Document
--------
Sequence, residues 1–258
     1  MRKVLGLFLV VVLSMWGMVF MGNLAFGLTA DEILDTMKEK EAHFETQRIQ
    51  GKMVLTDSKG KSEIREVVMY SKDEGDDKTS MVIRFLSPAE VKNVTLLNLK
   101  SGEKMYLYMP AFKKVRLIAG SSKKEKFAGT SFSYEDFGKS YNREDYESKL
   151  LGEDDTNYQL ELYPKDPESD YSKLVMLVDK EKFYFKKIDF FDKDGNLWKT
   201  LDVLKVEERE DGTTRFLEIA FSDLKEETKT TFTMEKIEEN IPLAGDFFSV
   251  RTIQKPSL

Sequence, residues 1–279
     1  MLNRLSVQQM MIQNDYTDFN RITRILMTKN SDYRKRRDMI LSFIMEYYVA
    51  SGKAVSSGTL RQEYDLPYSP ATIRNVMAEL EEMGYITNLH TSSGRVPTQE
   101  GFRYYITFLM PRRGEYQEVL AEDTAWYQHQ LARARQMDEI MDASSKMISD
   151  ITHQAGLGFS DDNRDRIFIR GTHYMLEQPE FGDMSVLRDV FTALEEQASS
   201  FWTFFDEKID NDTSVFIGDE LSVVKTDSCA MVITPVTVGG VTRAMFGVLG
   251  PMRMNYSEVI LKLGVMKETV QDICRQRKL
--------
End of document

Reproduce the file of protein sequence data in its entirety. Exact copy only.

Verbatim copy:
Sequence, residues 1–258
     1  MRKVLGLFLV VVLSMWGMVF MGNLAFGLTA DEILDTMKEK EAHFETQRIQ
    51  GKMVLTDSKG KSEIREVVMY SKDEGDDKTS MVIRFLSPAE VKNVTLLNLK
   101  SGEKMYLYMP AFKKVRLIAG SSKKEKFAGT SFSYEDFGKS YNREDYESKL
   151  LGEDDTNYQL ELYPKDPESD YSKLVMLVDK EKFYFKKIDF FDKDGNLWKT
   201  LDVLKVEERE DGTTRFLEIA FSDLKEETKT TFTMEKIEEN IPLAGDFFSV
   251  RTIQKPSL

Sequence, residues 1–279
     1  MLNRLSVQQM MIQNDYTDFN RITRILMTKN SDYRKRRDMI LSFIMEYYVA
    51  SGKAVSSGTL RQEYDLPYSP ATIRNVMAEL EEMGYITNLH TSSGRVPTQE
   101  GFRYYITFLM PRRGEYQEVL AEDTAWYQHQ LARARQMDEI MDASSKMISD
   151  ITHQAGLGFS DDNRDRIFIR GTHYMLEQPE FGDMSVLRDV FTALEEQASS
   201  FWTFFDEKID NDTSVFIGDE LSVVKTDSCA MVITPVTVGG VTRAMFGVLG
   251  PMRMNYSEVI LKLGVMKETV QDICRQRKL